Monday, May 11, 2009

So what if I don't have the right pan?

After numerous attempts at making this dish, I have finally done it. I went through sliced fingers, soupy fillings and trial and error led me to this moment - perfection. Okay... so I was supposed to use a tart pan with removable bottom, and I used this ceramic pie plate instead. Still tasted great! And through all the trials and tribulations of assembling what can only be referred to as the worlds most high maintenance dough (Crisco does NOT behave the same way as butter when you're rolling out the dough!), it was well worth it when it was still flaky, buttery and all together scrumptious from the first to the last bite.

For the dough, you have to think of the 3-2-1 ratio. That's three parts flour, two parts fat, one part ice water. And that's it! After that, you can add things to sweeten it up (I added a little powdered sugar, since this was a sweet dish), fresh herbs if you're making something savory, or even cheese. Do make sure your butter/fat is cold, the water is freezing, and your hands are always cold and powdered down with flour (lightly). If you have warm hands, that finicky dough will stick right to them and start melting the butter in the dough, making it near impossible to roll out or transfer from one place to another. Oh, and it's a good idea to cut a small circle of parchment paper, drop a few pennies on the paper, and place on top of the dough once it's been pressed into the pan. Freeze for five minutes, than put the entire thing (pennies and all) into the hot oven. The freezing will set it and prevent the dough from overcooking, while the pennies will act as a weight to prevent the dough from puffing up (the paper is to keep the penny flavor OUT of your tart shell... duh).

Once you're shell is done (about 15 minutes or so), pop it out of the oven, set it on a wire rack in the pan, and let it cool completely. Try not to eat the edges like I did, or you'll end up with a rough looking crusty, craggly edge. I know it's tempting, but just wait.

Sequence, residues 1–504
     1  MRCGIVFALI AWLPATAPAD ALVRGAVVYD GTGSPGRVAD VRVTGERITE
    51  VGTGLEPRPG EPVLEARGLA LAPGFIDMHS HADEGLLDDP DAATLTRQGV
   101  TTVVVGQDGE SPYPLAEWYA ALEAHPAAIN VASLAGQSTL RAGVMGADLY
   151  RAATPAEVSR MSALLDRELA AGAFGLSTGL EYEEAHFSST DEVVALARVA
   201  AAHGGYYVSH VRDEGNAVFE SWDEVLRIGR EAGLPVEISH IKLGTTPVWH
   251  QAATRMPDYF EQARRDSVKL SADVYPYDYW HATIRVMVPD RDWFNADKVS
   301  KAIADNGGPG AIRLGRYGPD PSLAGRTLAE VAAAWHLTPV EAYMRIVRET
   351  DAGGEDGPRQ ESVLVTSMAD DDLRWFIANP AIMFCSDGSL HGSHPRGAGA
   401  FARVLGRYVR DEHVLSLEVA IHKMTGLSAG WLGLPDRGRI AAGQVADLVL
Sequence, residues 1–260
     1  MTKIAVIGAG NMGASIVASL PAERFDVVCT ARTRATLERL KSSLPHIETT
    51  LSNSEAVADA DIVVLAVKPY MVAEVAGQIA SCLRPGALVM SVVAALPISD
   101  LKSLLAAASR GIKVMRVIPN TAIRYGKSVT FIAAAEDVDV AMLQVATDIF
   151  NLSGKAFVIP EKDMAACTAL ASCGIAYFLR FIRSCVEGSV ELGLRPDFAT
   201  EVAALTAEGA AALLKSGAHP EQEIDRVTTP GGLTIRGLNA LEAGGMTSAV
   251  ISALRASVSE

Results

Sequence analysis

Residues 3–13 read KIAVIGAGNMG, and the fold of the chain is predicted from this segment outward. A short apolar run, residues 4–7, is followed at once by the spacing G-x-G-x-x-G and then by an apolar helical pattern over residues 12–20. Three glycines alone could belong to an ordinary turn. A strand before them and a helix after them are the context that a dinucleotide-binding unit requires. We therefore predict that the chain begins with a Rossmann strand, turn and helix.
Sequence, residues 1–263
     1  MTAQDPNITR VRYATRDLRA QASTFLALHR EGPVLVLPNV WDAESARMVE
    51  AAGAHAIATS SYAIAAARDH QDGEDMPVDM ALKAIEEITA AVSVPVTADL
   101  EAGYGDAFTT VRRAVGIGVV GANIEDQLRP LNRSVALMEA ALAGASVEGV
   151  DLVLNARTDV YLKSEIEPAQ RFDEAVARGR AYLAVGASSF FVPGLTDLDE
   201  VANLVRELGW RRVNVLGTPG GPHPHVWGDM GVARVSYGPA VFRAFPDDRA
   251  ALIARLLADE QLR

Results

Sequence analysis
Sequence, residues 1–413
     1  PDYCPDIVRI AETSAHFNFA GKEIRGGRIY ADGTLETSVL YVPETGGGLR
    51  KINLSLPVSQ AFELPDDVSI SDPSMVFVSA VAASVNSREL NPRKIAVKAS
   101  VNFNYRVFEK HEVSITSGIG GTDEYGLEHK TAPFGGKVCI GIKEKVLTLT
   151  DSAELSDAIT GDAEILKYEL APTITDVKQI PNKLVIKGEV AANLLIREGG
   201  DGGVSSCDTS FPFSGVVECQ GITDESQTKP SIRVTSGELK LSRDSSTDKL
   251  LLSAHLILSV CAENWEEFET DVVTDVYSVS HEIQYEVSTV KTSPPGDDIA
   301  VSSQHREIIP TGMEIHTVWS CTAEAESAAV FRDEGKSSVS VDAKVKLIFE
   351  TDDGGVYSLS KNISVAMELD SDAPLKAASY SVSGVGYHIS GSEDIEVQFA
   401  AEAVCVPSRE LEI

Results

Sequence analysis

Cream together 6oz of cream cheese, some powdered sugar and heavy cream, about the 3/4 cup of each (DO NOT USE HALF & HALF - this does NOT work!!!). Throw in some vanilla and cream it up until it looks like you're making stiff-peaked whipped cream (but better!). Spread that mess into the bottom of the tart shell, halve up some strawberries and place on top. THEN FREEZE. This is important because it sets the cream cheese and you want it to be as firm as possible. Let that mess freeze for at least the length of the movie you got from Netflix earlier today. Or to last through The Office marathon you planned on, since your Netflix didn't come (like the e-mail said it would).

This was one of the easiest and the more difficult desserts I've made. I think it's largely due to my new gun-shy attitude toward slicing strawberries (the scar is healing quite nicely), and my "brilliant" idea to use part Crisco and part butter in the dough. I will say that, without those experiences, this would never have come to be.

Eat, drink and keep reading,

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